Brew Blog: Omission Ultimate Light Golden Ale

Hunger makes the best sauce?
Hunger makes the best sauce? Photo by Nicholas L. Hall

My wife and I have been on the Keto diet. It's been a while. I don't want to talk about it.

OK, so I definitely want to talk about it. It's kind of all I talk about. It's like I just got really into CrossFit. I don't have much of a sweet tooth, so it's been mostly easy for me. I don't really miss the chocolate cake, and there's plenty of bacon. I do, however, have a bit of a beer belly. Or at least I used to. You know what I mean.

Anyway, beer is definitely one of the things I've been missing. I missed it during the height of the summer, when a nice, refreshing lawnmower beer helps to cut through the sweat and stink of July swelter. Now I'm missing it as the mercury dips, inviting me to pour something dark and malty in my glass. No stout for you. Come back. One year.

There are a few resources out there that help you gauge the nutritional values in various beers, but the information is nebulous at best. The big boys have that stuff screwed down much tighter, especially on the lighter end of the spectrum. But I'm not really into the whole "counting" thing anyway. I'd just as soon avoid the things that tend toward the danger zone than research net carbs and keep a clicker in my pocket. Which mostly means no beer. Which is fine.

Then, about a week ago, my wife asked for some. "Get something light, low in carbs," she said. I stood in the beer aisle, googling. The lists weren't a ton of help, offering mostly best guesses and highly adjuncted major labels. I didn't really feel like spending 20 minutes cross-checking carb counts, and I really didn't feel like drinking Michelob Ultra.

Let's get this out of the way now. I know Omission is Widmer Brothers. I know they're Craft Brew Alliance. I know CBA is, like, at least in the top ten in terms of size, and I know that Ab-InBev has a pretty sizable stake. So I get that this isn't exactly craft beer. But it's at least slightly craft marketed, and maybe kinda sorta craft-minded. Also, any port in a storm. So when I noticed Omission on the shelf, proudly advertising its low carbs, I decided to roll the dice.

Before we dive in, a disclaimer: This beer is not gluten free. It is "crafted to remove gluten." The stuff is made with barley, which contains gluten. While (apparently) tests have shown significantly reduced gluten content, it simply isn't gluten free. For most everyone, this won't matter. For those who actually, honestly, legitimately have Celiac disease — an honest-to-God autoimmune disorder — it actually, honestly will. While everyone's experience with disease is different, my understanding is that no gluten content is considered fully safe for those who suffer from Celiac disease. I have a friend who once kissed her boyfriend after he'd had a beer, and spent the next day or so fully out of commission. There's a lot of bunk-o pseudo-science around gluten, but Celiac is far from bunk-o. If you have Celiac, you probably shouldn't drink this beer.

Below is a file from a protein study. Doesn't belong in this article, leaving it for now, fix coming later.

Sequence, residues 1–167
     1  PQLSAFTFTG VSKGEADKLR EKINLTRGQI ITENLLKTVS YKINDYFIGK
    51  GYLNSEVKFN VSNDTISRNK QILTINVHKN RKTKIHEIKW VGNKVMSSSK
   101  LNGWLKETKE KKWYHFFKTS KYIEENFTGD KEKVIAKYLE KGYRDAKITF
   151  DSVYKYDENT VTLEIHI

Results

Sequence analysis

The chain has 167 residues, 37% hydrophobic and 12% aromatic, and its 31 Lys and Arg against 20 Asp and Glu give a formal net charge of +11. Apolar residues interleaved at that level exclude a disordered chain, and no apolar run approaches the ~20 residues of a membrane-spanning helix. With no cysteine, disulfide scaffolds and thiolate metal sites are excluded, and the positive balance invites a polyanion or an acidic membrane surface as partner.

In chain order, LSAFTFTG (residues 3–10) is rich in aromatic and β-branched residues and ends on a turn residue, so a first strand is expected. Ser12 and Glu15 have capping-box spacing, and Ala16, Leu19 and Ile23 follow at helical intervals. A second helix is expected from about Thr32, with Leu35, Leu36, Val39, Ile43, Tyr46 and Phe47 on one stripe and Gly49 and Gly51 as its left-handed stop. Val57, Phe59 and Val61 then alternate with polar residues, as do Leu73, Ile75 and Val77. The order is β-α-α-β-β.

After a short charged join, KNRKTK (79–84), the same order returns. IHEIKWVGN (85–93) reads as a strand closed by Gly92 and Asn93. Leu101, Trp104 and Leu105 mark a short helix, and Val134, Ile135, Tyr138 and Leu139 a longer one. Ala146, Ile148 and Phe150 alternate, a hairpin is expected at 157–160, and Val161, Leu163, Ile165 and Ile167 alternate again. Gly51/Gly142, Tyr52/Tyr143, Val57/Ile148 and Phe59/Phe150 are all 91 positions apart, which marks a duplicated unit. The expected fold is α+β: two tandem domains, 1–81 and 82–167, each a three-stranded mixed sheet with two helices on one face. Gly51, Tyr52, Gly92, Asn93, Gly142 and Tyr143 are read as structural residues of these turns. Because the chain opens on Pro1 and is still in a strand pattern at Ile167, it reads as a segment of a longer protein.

Right. So. What's it like? It's like this.

Golden is right. The beer pours clear into the glass, a dark, burnished yellow. A craggy, fluffy head recedes to a slight ring, dissipating quickly. Spritely carbonation gives the beer an appealing twinkle.

The aroma is quite clean and offers cracker and biscuit malts, a pleasant grassy hop note, and some very mild citrus.

The taste is extremely light on the front end, which I would expect. Midway through a sip, clean and very pleasant flavors of light malt come through, the cracker notes manifesting very clearly as saltines. It lacks the typical adjunct notes of most light beers, that kind of syrupy grain quality. Instead, it’s very clean and refreshing, seeming fuller-bodied than it is by virtue of its cleanness. What flavors are there aren’t bogged down, which amplifies them in an interesting way. Still, it’s not really satisfying *as a beer.* It’s satisfying. And it’s *like* a beer. But it isn’t beer.

Halfway through the glass, it hit me: this is the LaCroix of beers. Or it's beer-flavored LaCroix. Which may be a plus or a minus depending on how you feel about LaCroix. To borrow the LaCroix-dragging parlance of our times, this is like if you bottled some water across the street from a brewery with the windows open. I'm joking. Mostly. It’s not unpleasant. It is actually kind of actively pleasant, it's just not even remotely what one would consider a "serious" beer. But I don't think it's really meant to be. It's a stop-gap, a make-do. And in that, it's not bad.

Some of my appreciation may be due to the fact that I haven’t really had a beer since June, but then again, I’m pretty sure that’s the target market. In that way, I’d count this as a success. Would I drink it if weren’t self-restricting my carbs? Probably not. Would I rather drink this than Mich Ultra? You better your sweet ketogenic butt I would.
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Nicholas L. Hall is a husband and father who earns his keep playing a video game that controls the U.S. power grid. He also writes for the Houston Press about food, booze and music, in an attempt to keep the demons at bay. When he's not busy keeping your lights on, he can usually be found making various messes in the kitchen, with apologies to his wife.
Contact: Nicholas L. Hall